sediment as it slows, and geologists
measure sediment deposits to factor
the wave's land speed. That
work is still being done, but Lynett
says a ballpark estimate is between
20 to 30 mph.
Researchers say ongoing, frequent
public education efforts are the
best way to avoid huge fatalities
from tsunamis. "It is not
too difficult to avoid loss of life,"
Liu insists. "And the cheapest
way to mitigate a tsunami is with
education," letting people
know when a tsunami is likely (such
as after a deep sea earthquake)
and what the warning signs are.
The people who died in Sri Lanka
had only to head inland anywhere
from a few dozen yards to, at most,
a mile and a half to reach safety.
And they could have done that had
they known the danger signals, such
as a receding sea.
Tsunamis occur relatively frequently
in parts of Japan. As a result,
people living in coastal areas know
when to evacuate. When a 30-foot-high
wave took out an entire Japanese
village a decade ago, only three
people died. In Sri Lanka, between
the smaller first wave and the much
larger second wave, the water receded
far out into the seabed. Instead
of using that opportunity to head
for safe ground, some people wandered
out to look at the seashells and
Education programs, however, can
be weakened by the potentially long
lag periods between tsunamis. After
a few years, memories of the horrors
and the need to heed warning signs
can ebb like the tide. Yeh says
a silver lining from this disaster
is "now everybody is aware
of the tsunami threat—at least
for the next two or three years."
Zoning is a key safety measure,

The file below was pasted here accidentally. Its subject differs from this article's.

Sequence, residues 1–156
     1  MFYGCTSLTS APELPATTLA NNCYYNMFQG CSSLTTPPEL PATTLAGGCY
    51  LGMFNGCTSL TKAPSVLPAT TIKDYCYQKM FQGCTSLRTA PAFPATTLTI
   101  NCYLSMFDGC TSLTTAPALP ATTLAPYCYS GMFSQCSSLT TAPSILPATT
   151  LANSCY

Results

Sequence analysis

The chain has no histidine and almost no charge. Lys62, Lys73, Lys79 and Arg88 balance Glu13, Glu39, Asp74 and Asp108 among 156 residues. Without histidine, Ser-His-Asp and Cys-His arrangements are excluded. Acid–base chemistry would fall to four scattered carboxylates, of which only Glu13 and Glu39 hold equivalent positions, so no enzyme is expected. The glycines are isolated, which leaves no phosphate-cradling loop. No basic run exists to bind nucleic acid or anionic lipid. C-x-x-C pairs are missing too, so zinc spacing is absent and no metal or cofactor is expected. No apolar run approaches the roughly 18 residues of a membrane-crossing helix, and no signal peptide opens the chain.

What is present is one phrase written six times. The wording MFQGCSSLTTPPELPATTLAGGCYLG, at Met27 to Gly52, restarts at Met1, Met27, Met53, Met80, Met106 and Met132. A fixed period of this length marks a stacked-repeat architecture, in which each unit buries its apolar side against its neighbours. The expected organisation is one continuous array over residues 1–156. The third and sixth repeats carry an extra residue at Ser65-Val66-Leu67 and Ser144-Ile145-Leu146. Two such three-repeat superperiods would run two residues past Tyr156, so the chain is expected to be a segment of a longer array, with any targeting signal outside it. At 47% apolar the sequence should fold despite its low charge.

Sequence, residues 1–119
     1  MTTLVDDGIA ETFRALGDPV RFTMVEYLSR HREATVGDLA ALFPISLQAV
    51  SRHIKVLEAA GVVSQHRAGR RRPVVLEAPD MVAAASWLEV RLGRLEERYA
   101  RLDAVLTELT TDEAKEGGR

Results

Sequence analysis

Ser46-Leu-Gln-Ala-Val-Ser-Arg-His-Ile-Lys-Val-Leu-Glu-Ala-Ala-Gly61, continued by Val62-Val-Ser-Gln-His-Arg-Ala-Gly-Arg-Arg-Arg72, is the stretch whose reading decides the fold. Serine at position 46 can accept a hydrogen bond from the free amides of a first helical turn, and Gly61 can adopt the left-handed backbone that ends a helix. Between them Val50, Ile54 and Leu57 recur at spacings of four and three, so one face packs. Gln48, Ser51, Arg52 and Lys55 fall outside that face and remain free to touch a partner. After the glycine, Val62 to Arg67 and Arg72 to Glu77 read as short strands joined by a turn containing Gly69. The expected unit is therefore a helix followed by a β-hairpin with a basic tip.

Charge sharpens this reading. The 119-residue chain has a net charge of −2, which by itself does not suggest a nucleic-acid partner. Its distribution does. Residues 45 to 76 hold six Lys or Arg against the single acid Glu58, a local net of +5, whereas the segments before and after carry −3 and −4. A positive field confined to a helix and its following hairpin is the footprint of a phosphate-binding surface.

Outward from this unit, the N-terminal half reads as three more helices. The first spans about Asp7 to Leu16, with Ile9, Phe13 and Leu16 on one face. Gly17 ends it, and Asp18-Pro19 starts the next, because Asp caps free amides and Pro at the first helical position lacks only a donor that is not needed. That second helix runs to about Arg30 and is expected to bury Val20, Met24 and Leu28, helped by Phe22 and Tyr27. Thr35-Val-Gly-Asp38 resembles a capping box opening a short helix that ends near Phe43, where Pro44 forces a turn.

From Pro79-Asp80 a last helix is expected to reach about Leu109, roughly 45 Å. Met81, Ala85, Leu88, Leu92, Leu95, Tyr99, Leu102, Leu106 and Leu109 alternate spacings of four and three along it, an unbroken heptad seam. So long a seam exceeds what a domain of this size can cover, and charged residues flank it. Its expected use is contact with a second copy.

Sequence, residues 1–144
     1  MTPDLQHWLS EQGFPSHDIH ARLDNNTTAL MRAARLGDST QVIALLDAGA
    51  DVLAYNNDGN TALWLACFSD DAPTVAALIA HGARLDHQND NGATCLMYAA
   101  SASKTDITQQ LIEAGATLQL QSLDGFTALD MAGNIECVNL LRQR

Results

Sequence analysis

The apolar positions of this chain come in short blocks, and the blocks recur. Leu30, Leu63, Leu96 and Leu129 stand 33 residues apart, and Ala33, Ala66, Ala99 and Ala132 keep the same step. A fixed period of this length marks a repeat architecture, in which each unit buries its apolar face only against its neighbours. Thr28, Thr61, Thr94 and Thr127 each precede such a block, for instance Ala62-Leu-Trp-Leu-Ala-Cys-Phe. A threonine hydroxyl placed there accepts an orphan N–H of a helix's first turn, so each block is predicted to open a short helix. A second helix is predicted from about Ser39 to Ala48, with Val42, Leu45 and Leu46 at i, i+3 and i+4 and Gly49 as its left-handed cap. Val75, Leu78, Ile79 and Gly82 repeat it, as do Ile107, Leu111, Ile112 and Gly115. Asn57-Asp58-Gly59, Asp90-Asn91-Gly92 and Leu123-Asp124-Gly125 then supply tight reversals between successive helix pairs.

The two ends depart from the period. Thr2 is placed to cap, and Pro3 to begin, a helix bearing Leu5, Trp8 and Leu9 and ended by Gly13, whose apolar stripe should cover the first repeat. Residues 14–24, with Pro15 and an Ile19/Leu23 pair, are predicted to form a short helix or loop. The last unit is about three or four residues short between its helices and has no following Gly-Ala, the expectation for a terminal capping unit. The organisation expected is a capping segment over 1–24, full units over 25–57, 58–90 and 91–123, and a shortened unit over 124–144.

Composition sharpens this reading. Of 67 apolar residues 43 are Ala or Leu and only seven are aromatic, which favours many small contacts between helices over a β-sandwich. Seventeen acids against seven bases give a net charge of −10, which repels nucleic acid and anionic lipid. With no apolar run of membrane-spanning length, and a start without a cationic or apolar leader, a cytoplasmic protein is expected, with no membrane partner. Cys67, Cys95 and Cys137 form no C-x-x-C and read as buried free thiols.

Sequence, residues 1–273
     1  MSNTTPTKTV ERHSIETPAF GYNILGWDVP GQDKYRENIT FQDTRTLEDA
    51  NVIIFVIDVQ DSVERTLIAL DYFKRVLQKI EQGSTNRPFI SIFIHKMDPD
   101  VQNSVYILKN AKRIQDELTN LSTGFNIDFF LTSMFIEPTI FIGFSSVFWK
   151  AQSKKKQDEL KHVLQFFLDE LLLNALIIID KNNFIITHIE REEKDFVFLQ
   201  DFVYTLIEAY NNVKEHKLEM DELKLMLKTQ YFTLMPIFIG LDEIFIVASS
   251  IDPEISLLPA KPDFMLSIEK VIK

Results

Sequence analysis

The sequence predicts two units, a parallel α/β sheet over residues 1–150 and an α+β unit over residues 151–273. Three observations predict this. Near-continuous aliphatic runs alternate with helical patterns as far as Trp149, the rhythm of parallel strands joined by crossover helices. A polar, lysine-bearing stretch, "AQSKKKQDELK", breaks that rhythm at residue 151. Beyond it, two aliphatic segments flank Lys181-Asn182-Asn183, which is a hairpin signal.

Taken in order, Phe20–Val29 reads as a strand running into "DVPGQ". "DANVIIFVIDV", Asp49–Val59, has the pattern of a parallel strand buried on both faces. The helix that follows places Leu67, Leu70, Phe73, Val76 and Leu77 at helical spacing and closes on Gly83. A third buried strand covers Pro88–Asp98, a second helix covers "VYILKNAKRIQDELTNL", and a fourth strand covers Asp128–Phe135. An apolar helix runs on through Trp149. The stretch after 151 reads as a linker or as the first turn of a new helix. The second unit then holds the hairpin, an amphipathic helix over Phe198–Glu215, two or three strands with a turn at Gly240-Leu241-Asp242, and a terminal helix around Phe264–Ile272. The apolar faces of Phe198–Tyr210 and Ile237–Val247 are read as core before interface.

too. Liu's team visited the
remains of a hospital that was built
about 50 yards from the shoreline.
All the facility's doctors,
nurses, staff and patients—300
people in all—were killed.
And, of course, the loss of so much
medical personnel undermined the
town's post-wave rescue efforts.
Liu says "I still get very
emotional about that, just thinking
about it." But the tragedy
underscored how important it is
not to build critical infrastructure—hospitals,
schools, and police and fire stations—in
Tsunami-resistant buildings can
be designed and built, the engineers
say, some perhaps with open designs
on the lower floors that will let
rushing waters flow through. Yeh
envisions tsunami shelters, either
single-purpose ones, or multipurpose
buildings designated as shelters.
Building code enforcement is a must,
too. Liu saw many supposedly sturdy
brick buildings demolished because
they weren't reinforced.
researchers confess to being awestruck
by the destructive power nature
can unleash. Liu has been on many
surveys, including one after a large
tsunami battered Indonesia in 1992.
But that wave hit an area that was
sparsely populated. So the difference
between that inspection and Sri
Lanka's was stark, he says.
"What shocked me was the magnitude
of the devastation." This
was Lynett's first survey,
and he says words don't do
justice in describing the destruction
he saw. "It really was like
Thomas K. Grose is a freelance
writer based in Great Britain.